"Das sind meine ehemaligen Schlüssel."
Translation:These are my old keys.
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1) der Schluss means "end", "conclusion".
2) "sluice" sounds similar, I suspect they come from the same root. In Ukrainian and Russian it's шлюз (mmm, like, "shluz"), also very similar.
3) Schlüssel means "key" and Schloss means "a castle" but actually also means "a lock"
4) Even more surprisingly, in Ukrainian/Russian the former is замо́к (zamók) and the latter is за́мок (zámok), so only the accent is different but the word is kinda the same.
Love these things ^^
"ehemaligen" means they are not your keys any more - maybe because somebody else has them now, or maybe because they have lost their function as keys for some reason - like a dinosaur sat on them, or the house burnt down, or the lock was exchanged,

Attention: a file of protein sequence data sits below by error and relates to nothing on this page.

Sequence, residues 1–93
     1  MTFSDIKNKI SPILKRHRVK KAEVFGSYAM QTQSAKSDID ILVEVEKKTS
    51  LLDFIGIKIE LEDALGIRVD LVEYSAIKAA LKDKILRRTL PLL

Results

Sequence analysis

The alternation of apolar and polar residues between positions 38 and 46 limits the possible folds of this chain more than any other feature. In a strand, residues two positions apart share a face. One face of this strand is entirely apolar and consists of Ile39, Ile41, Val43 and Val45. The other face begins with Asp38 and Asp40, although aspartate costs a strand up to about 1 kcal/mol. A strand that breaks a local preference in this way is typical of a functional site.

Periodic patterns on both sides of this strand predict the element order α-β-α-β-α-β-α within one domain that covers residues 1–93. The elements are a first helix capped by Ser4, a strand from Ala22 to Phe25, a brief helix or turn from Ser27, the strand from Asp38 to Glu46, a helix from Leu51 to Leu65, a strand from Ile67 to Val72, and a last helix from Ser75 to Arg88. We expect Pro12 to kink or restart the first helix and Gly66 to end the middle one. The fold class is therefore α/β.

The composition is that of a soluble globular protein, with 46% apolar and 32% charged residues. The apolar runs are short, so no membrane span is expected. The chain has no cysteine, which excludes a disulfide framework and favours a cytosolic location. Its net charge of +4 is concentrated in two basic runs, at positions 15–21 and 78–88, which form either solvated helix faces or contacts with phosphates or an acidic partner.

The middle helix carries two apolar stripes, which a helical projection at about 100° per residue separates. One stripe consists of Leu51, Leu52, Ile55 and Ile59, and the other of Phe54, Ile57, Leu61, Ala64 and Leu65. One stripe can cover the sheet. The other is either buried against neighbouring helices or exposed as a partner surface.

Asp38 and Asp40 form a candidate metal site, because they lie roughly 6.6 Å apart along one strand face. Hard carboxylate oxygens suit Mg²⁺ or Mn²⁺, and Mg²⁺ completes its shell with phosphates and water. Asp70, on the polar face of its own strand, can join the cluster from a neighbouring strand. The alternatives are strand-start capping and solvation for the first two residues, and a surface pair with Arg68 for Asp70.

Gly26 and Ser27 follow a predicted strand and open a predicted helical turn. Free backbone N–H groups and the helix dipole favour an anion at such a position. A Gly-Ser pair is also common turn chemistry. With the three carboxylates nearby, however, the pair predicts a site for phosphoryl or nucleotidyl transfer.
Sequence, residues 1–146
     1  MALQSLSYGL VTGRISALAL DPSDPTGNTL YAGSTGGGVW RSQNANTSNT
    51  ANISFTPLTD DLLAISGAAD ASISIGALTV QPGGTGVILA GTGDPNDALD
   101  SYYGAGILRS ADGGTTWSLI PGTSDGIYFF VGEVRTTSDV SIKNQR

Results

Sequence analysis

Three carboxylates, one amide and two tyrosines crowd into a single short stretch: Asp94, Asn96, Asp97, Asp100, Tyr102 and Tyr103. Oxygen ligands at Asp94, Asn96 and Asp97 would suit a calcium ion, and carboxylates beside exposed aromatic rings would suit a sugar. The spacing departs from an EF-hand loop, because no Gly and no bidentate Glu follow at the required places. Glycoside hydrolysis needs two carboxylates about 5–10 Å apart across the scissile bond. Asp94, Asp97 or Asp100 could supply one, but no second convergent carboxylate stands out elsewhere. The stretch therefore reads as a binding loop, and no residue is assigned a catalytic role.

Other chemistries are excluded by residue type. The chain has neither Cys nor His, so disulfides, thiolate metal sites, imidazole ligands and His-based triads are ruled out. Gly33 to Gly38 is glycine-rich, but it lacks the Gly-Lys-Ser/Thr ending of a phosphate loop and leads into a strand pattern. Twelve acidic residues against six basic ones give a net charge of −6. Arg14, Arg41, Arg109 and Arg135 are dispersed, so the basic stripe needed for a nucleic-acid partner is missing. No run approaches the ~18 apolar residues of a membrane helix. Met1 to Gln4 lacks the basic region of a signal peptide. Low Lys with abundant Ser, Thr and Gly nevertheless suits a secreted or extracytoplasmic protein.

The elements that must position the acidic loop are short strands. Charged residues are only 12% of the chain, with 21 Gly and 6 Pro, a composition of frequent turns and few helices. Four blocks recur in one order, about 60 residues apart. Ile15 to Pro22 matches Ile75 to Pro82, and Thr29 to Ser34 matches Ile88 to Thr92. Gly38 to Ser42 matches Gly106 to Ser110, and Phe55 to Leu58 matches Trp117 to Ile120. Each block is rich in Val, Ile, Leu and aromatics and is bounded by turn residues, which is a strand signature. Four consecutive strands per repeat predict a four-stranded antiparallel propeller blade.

"alten" means they are still your keys, but somewhere you have got newer ones than these. This sentence conveys no information about whether they are still useful or not.
It's different with friends. "Ein alter Freund" is a friend still.
"Ein ehemaliger Freund" is no friend any more.
Help! is ''ehemaligen'' correct or should it be ''-e''?
The case is nominative, the gender is masculine, the number is plural . If there is no article, it is ''-e''
If ''meine'' counts as an article, then, if definite, it is ''-en'', if indefinite, nothing works.
I deduce that ''meine'' is a definite article, which looks doubtful.
Where am I going wrong?
"mein" a possessive adjective, and its endings are the same as the indefinite article "ein", so for the plural, "meine." So "meine ehemaligen" is correct.
The -en ending on "ehemaligen" indicates that "meine" is NOT the same as it would be for nominative singular (which would "mein.")
I hope that helps.
Since 1996, the ß character is used only after long vowel sounds: http://german.about.com/library/weekly/aa092898.htm